Research Methods for the Study of Religion

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Picture by Michael Holden

Comparative research

A comparative approach to research can be invaluable for understanding broader social processes or contextualising knowledge gained from in-depth case studies.

Designing effective comparative research requires clarity about the common questions, concepts and methods that are used for all the different cases. Careful planning of the elements and stages of the research process can also become particularly important if they are being conducted to a shared timetable.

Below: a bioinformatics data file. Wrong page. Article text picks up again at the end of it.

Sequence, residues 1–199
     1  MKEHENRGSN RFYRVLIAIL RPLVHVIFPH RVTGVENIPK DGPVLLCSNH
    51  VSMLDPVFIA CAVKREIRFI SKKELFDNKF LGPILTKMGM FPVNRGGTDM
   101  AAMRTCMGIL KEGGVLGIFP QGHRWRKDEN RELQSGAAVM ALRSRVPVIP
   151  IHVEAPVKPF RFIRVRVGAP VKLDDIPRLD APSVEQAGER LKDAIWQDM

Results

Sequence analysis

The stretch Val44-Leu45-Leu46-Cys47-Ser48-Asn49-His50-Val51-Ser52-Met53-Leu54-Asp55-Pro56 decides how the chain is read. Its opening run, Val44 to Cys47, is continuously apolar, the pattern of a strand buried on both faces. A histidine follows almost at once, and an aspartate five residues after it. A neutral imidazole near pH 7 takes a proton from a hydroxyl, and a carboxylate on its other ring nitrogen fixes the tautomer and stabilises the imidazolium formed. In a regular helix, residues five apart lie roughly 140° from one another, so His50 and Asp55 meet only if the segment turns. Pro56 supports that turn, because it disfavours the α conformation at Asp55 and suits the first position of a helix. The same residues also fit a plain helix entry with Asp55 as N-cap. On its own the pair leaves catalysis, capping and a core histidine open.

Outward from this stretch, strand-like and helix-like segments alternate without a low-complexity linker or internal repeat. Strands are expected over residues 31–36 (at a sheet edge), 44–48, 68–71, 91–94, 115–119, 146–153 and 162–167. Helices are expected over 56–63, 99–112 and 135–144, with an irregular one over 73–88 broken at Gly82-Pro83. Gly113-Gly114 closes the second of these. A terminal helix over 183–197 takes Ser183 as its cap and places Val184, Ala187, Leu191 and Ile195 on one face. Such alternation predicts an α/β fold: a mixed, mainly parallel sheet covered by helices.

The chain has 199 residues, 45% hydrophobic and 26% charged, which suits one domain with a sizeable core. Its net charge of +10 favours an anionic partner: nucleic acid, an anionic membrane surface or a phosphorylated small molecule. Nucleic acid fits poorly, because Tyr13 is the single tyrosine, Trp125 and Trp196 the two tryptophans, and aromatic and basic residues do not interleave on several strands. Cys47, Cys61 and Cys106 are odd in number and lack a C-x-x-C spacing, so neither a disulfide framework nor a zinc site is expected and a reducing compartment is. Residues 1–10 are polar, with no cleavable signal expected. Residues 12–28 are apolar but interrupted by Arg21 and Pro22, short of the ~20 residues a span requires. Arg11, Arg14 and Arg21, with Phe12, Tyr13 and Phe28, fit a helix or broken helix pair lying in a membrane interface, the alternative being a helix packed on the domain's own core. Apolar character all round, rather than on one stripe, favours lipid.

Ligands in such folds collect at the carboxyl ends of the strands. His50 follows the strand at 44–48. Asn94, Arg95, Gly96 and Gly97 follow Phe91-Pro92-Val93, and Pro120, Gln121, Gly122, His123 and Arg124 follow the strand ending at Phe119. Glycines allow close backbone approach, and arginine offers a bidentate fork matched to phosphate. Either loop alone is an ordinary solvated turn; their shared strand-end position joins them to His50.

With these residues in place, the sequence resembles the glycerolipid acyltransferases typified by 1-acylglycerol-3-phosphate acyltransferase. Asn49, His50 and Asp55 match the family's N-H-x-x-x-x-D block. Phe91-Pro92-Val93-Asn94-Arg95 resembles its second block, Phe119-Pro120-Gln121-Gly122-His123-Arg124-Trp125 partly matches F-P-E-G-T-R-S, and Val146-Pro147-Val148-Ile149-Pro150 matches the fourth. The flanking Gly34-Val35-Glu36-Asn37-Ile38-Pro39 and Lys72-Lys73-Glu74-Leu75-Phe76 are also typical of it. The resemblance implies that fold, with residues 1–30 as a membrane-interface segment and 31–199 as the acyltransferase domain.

Discussion paper

Grace Davie explores key methodological and practical issues for designing comparative research, including issues raised by working in cross-disciplinary or cross-national research teams.

Sample studies

(eds.) Anders Backstrom & Grace Davie (2010) Welfare and Religion in 21st Century Europe: Volume 1. Farnham: Ashgate.

This edited volume presents a series of findings chapters from the WREP comparative study of religion and welfare in Europe, but also includes sections on the way in which the comparative research design was developed.